It's not something you want to think about, but you need to.
What if every day, from the moment you woke up until you went back to bed, someone was transcribing all that you did, every word that you spoke, and each of your thoughts (positive and negative)? Then, at the end of each day, you had to read your "daily report"? Would you like what you read? Being forced to see your life on paper and not having the luxury to forget the things you did that you don't like, would provide for real introspection. Would you make any changes in the way you live, treat others, or in how you view the world?
If we were honest with ourselves, we would not only make some serious changes, but we would probably experience massive personal growth! If you could read such a daily report, how long could you ignore your ugliness towards others or face your own shortcomings before you got sick of the person you read about day in and day out? We are, after all, our harshest critics.
Maybe, like pulling out a red pen and editing a paper, you would start marking up your report; crossing certain parts out and making corrections to others; taking mental notes of the catalysts to your behavior; identifying trends. Recognizing the triggers that led you to gossip about a co-worker or the instigators for heading to happy hour instead of to the gym.
Outside influence is a huge contributor to our behavior. Jim Rohn said, "you are the average of the five people you spend the most time with." This truism simply suggests that you should consider who you choose to prioritize your time with, and question whether those people are making you a better (or worse) version of yourself.
"You are the average of the five people you spend the most time with."
Science, on the other hand, suggests that not only are you influenced by the five people you spend the most time with, but also by the five people they spend the most of their time with, and so on, and so on. Bringing a whole new perspective to the concept of "six degrees of separation."
In a study completed by Nicholas A. Christakis and James H. Fowler, they observed weight gain in persons over a 30-year period, and how their social network directly influenced their propensity towards obesity. That study indicates that a person is about 50% more likely to become obese if they have a friend who becomes obese and is even 20% more likely to become obese if a friend of their friend becomes obese. They also documented a direct correlation between smoking and happiness, and again found direct influences on a person's habits created by the friends in their own social circle, as well as by the extended social circle of those friends. More than that, the study concluded that people of the same sex had a greater influence on each other. Makes sense, right?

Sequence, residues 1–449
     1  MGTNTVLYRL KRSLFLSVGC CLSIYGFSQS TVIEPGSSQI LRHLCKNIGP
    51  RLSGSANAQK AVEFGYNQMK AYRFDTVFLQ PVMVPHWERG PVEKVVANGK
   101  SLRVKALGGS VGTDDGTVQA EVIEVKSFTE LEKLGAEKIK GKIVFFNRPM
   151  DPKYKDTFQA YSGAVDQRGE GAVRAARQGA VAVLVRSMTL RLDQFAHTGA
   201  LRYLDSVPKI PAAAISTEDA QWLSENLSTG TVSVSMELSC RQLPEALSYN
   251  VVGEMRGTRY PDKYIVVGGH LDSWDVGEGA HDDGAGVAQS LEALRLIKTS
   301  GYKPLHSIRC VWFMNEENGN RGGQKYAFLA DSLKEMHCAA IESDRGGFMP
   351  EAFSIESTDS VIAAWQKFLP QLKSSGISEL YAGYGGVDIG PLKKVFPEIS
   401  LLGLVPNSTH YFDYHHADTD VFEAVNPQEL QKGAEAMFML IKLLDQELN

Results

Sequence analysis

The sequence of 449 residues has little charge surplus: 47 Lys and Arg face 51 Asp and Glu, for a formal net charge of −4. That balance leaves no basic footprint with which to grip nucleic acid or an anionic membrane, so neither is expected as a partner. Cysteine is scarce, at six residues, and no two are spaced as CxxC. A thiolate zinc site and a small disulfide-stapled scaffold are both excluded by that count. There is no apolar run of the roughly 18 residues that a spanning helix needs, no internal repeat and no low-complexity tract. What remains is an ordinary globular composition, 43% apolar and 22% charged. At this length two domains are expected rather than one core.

Subconsciously most of us have reshaped our social beliefs and values based directly on those of our friends. Our concepts of beauty and success, what's fun, who's cool, and how we feel about the world in which we live, are all directly influenced by the people we associate with. Think about the cultural relativism spread throughout social media and how we are affected by it, which reaffirms the influence that our extended social circles have on us. Oscar Wilde said, "It is what you read when you don't have to that determines what you will be when you can't help it."
It is what you read when you don't have to that determines what you will be when you can't help it" - Oscar Wilde
Social science states that the top five ways that friends influence you include: strong-willed friends increase your self-control, fewer friends increase the likelihood you'll take financial risks, too many social media connections increase your stress, close friends are the secret to longevity, and you're likely to start acting like the friends you surround yourself with.
If you examine your "daily report" with this framework in mind, you might have some important revelations. How do our friends impact our daily decisions? Or even our personality? From the way we dress to the way we speak to others. Are any of your friends having a negative impact on you? How easy is it to speak badly of someone because you're only being agreeable with a negative friend? How easy it is to skip the gym when a friend pressures you into going out with them instead?
William Shakespeare said, "A friend is one that knows you as you are, understands where you have been, accepts what you have become, and still, gently allows you to grow."
"A friend is one that knows you as you are, understands where you have been, accepts what you have become, and still, gently allows you to grow." - William Shakespeare
Maybe most of your friends are good for you, but even if nine out of your 10 closest friends are lovely, it only takes one bad friend to stop your growth. If at the end of the day, you aren't very proud of who you are, look over your notes. Is there anyone holding you back?
Being informed is sexy. Get an unbiased news breakdown of everything you need to know in politics, pop-culture, and more in 60 seconds or less.